Audioslave, The Mooney Suzuki, Bill Frisell, Jeremy Enigk

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IOver the course of its first two albums, modern-rock supergroup Audioslave has loudly suggested that the two bands it posthumously cannibalized were more than the sums of their parts: It seems that without Zack de la Rocha, Rage Against The Machine might've been just a tight manufacturer of average grooves, and without his weirder Soundgarden bandmates' contributions, Chris Cornell is just a dude with a really great voice and some seriously classic rock-influenced sensibilities. Since they've gotten together, neither side has passed the bar set by their former projects.

Audioslave's third full-length, Revelations, continues the trend, but shows both compositional improvement and a budding interest — particularly on the part of guitarist Tom Morello — to do some more fucking with the formula. After the tepid opening title track and limp funk of "One and the Same," the jagged throb and guitar-sound experimentation of "Sound of a Gun" sounds positively inspired. The same goes for album highlight "Jewel of the Summertime." Maybe it's just the fact that the preceding "Shape of Things to Come" is so watered-down, but the thump and execution of "Jewel" finds the entire band firing on all cylinders.

Elsewhere, there aren't many, ahem, revelations to be found — the disc is packed with the same sort of pseudo-ballads and by-the-numbers rhythmic rockers that populated Audioslave's first two albums. It's not a great release. Compared to its positively tedious predecessors, however, Revelations shows this ensemble transcending its workmanlike default setting with promising frequency. 2.5 stars —Scott Harrell

The Maximum Black EP



Originally sold only at shows and on The Mooney Suzuki's website, The Maximum Black EP is being re-released with five bonus tracks. On its inaugural outing, the band was still trying to find its footing. Comparatively more garage-y and less refined even for this band, the songs on Maximum Black — stylistically and production-wise — sound similar to some of the grittier tracks on Nuggets. The first six songs are raucous and fun and hold up to repeated listens. Meanwhile, the bonus material is tepid and not terribly engaging. Fans of The Mooney Suzuki will enjoy hearing an early example of the band's sound, but first-timers should start with 2002's Electric Sweat. 3 stars —Brian Johnson

Bill Frisell, Ron Carter, Paul Motian



What, I've often wondered, sets Bill Frisell so far apart from the jazz-guitar pack — besides his inimitable watery tone, sonic escapades, genre-hopping and depth of melodic and harmonic ingenuity? The answer, as far as I'm concerned, is quite simple: Frisell brings far more emotion and mood to his playing than his contemporaries and most of his forebears. When he performs Hank Williams' "I'm So Lonesome, I Could Cry," which closes out this trio album, the guitarist renders it as the genuinely sad song that it is. When Frisell and his legendary mates — drummer Paul Motian and bassist Ron Carter — tackle "On the Street Where You Live," it's with a dose of whimsy and lighthearted swing. While last year's double live set displayed the many sides of his eclectic musical personality, this one hews closer to jazz, albeit through Frisell's fisheye lens. (The disc will never be confused with Wes Montgomery.) Frisell loves to take material regarded as schlock and plumb for beauty and depth. This year's model is "You are My Sunshine," which the trio imbues with a languid sense of melancholy; the guitarist sprinkles in cagey dissonances, not for irony's sake, but to show that such a tune can be given a measure of gravitas. Most of the 10 selections (including Monk's "Misterioso" and "Raise Four") skew to slow to medium tempos. Motian's loosey-goosey drumming provides the trio plenty of room to roam, while Carter's bass brings a distinct muscularity. Frisell judiciously sprinkles in loops and effects, which easily transcend gimmickry; his phrasing is at turns fluid, contemplative and bracingly choppy. Frisell's playing is devoid of stuntwork, all but free of showiness — this is a musician of the highest order whose instrument happens to be the guitar. 4 stars —Eric Snider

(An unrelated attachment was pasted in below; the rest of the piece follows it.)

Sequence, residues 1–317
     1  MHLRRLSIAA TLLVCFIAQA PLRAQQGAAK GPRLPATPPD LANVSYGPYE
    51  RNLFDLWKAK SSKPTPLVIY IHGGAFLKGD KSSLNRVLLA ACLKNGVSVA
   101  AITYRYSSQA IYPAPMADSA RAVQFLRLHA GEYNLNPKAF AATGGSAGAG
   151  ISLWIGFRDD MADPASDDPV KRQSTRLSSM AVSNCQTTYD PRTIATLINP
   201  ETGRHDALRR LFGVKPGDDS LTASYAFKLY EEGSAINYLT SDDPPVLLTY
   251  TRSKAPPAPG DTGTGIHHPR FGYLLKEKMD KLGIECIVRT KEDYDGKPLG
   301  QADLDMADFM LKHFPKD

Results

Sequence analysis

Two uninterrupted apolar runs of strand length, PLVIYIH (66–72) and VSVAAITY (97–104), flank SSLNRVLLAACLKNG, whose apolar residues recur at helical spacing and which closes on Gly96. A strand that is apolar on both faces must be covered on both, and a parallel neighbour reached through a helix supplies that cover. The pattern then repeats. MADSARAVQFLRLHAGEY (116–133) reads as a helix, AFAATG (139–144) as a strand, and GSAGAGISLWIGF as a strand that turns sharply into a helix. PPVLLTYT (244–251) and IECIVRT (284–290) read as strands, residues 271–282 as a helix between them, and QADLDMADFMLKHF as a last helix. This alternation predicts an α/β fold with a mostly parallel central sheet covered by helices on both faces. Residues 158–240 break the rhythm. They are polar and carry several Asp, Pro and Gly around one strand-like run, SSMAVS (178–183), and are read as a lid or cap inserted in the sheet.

World Waits



Sunny Day Real Estate's morose former front man returns a decade after Return of the Frog Queen with a second solo outing. Better-produced than its predecessor and with more interesting instrumentation, World Waits should be a leap forward. Unfortunately, Enigk revels in stylized sameness throughout. While Frog Queen was an interesting Beatles-inspired departure from Sunny Day, this album becomes bogged down by mood. Every song is somber and the lyrics are substantially less interesting than his previous stuff. His breathy, whiny voice becomes exceedingly irritating halfway through the album. A handful of tunes break out of the mold, but this doesn't quite compensate for this being an average album from an above-average musician. 2.5 stars —BJ

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